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Buyer's Guide: WWII Studebaker & Reo US6 Trucks

A Lend-Lease Favorite, the US6 G-630 is also a great collector WW2 6x6 or 6x4 truck

Vehicle: US6 2-1/2 ton 6x6 and 6x4 Trucks
G-Number: G-630
Common name: 2-1/2 ton truck

US-6 Truck

US-6 Truck

The US6 trucks were designed by Studebaker Corp, of South Bend, Indiana, to be competitive with the GMC CCKW or the IHC M5-H6 6x6 trucks. Production began in South Bend in June 1941 and continued through August 1945, totaling 197,678 vehicles.

US6 cargo truck with Studebaker nameplate on grille.

Though there were some 6x4 versions produced, most of the US6s were built as all-wheel-drive vehicles. Studebaker badged the grilles of early production trucks with the company’s nameplate.

These trucks, like the White M3A1 Scout Car and the Ford M8 and M20 armored cars, were powered by the 320-cid Hercules JXD six-cylinder engine. The proper engine for the US6 has the Studebaker spoked logo cast into the manifold. The US6 used the same transmission and transfer case as the GMC CCKW, and even the Timken axles were the same as those used on many of the GMCs.

US6x4-48 tractor with Freuhauf trailer, restored by Guy Jenson.

US6x4-48 tractor with Freuhauf trailer, restored by Guy Jenson. 

Most of these trucks have a hardtop cab based on the civilian Studebaker M-series cab. This was not the same as the later M-series military cab. Rather, Studebaker used letters to denote its various truck models, J, K, M, etc. The civilian cab was modified by the addition of a swing-out windshield with top-mounted vacuum wipers, metal interior panels, and military instruments. A source of confusion regarding designations for these trucks comes from Studebaker’s number system. The U.S. model was built with a number of body codes. These codes were U1 through U13.

Basic specs, US6 Studebaker

Basic specs, US6 Studebaker

The brake system employed by Studebaker was not the Hydrovac system that GMC used, but instead was a vacuum-boosted system.

These trucks were produced in short (148-in.) and long (162-in.) wheelbases, and in 6x6 and 6x4 form. Since the 6x4 version was intended for on road use only, its weight classification was 5-ton, whereas the 6x6 version was rated using the traditional off-road system of 2-1/2 tons.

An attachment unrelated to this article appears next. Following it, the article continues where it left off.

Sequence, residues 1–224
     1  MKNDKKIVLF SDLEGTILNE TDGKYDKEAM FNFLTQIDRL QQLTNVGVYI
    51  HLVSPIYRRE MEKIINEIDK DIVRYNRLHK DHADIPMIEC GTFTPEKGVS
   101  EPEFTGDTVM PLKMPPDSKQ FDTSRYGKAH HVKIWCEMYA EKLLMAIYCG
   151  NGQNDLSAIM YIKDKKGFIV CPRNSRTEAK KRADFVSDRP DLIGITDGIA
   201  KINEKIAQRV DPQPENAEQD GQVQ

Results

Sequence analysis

During December of 1942, production of the US6 with an open cab was begun. However, this was not to the liking of the major user of the US6 — the Soviet Army — and production reverted to the closed cab in March of 1943, with only about 10,000 of the opencabbed trucks having been completed.

Unrestored US-6 owned by Rick Colquitte

Unrestored, but running, a US6 is worth about about $11-13,000.

Restored US6 by Spooner Military Vehicle Preservation Group

The same truck as above, after it was restored. Now worth about $17-24,000. 

Reo Motors of Lansing, Mich., was contracted to build copies of this truck in addition to the output of Studebaker. The 22,204 trucks that Reo built were indistinguishable from the Studebakers, except for the data plates.

Ad from 1945 promoting the use of Studebaker trucks in the India.

Ad from 1945 promoting the use of Studebaker trucks in the India. 

US6 U1 SWB cargo without winch
US6 U2 SWB cargo with winch
US6 U3 LWB cargo without winch
US6 U4 LWB cargo with winch
US6 U5 LWB 750 gallon tanker
US6x4 U6 SWB Semi-tractor
US6x4 U7 LWB cargo without winch
US6x4 U8 LWB cargo with winch
US6 U9 LWB cab and chassis without winch
US6 U10 SWB Rear Dump without winch
US6 U11SWB Rear Dump with winch
US6 U12SWB Side Dump without winch
US6 U13 SWB Side Dump with winch

Note: US6x4 production stopped in July 1945, with the last all-wheel-drive version being built the following month.

Condition code & Value (dollars)

  •        6                   2,100
  •        5                   4,000
  •        4                  11,500
  •        3                  13,500
  •        2                  17,000
  •        1                  24,500+
  • Scarcity 2

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